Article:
One of the main pieces of Parliamentary business in the Commons last week was the remaining stages of the Energy Bill; regrettably co-operative and community energy did not receive the support from the Government that was hoped for, reports Parliamentary Officer Joe Fortune.
The Energy Bill is a complex piece of legislation which purports to radically reform the energy market. The Bill has now left the House of Commons and has wound its way up to the House of Lords. The Shadow Secretary of State, Caroline Flint MP, and her team, Labour & Co-operative MPs Tom Greatrex and Luciana Berger deserve enormous credit for the scrutiny they have managed to bring to this piece of legislation. Luciana previously wrote about the inadequacies of the Bill for co-operatives.
Despite the complexity of the Bill, the Shadow team have successfully pressed a case for a range of important measures which would make a real difference to individuals and communities which were not included by the Government and its officials. These measures included the omission of a potentially hugely significant ‘decarbonisation target’ and new duties on energy companies in relation to the way consumers are treated.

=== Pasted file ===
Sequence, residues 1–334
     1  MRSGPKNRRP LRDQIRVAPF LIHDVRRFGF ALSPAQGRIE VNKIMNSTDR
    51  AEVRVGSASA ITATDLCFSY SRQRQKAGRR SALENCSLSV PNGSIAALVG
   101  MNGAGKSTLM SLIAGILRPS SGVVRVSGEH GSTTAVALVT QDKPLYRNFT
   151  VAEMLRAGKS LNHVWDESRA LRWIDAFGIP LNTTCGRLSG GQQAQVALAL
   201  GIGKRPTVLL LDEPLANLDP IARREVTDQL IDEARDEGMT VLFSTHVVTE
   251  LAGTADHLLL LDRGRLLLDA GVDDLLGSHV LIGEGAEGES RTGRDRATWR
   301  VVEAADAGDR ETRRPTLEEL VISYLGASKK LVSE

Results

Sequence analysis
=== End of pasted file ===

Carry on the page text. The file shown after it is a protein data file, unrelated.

Another area the opposition team deserve much credit for is their work during the Bill has been understanding the needs of the co-operative and community energy sector. The Shadow Team have pushed for changes to the Bill since its introduction. They have consistently raised the matter during 2nd reading, standing committee scrutiny sessions, the standing committee, report and 3rd reading. The opposition propose a raise in to the FiT from 5MW to a minimum of 10MW. This change has been backed by community energy campaigners, the Co-operative Group and 14 large NGO and sector specialists.
Many in the sector are in a quandary (a quandary the Labour Party cautioned the Government about). Many supposed that the Ministers currently gracing the DECC team – not least Lib Dem Secretary of State Ed Davey – are publicly supportive of co-operative and community energy but are then confused as to why they refuse to help by amending their own Bill when it comes to the crunch.
The Government have consistently said they would seek to facilitate the needs of this sector in the Bill but as yet have not been forthcoming with anything helpful. Last week Tom and Luciana pressed the minister again during the report stage; their views were passionately backed up by Andy Sawford (Lab & Co-op, Corby). The needed amendment was pushed to a vote; regrettably the Government used its inbuilt majority to ensure that the effort was thwarted and it was defeated by some 40 votes. It is disappointing to see those on the Government benches such as the Liberal Democrats and Conservative members such as Jesse Norman MP – a self-described supporter of co-operatives – march through the lobbies against such a practical measure for the co-operative sector.
There is still time for Jesse Norman’s Government to come round in the House of Lords. All hope to see the amendment return with Government support and many will be watching and waiting.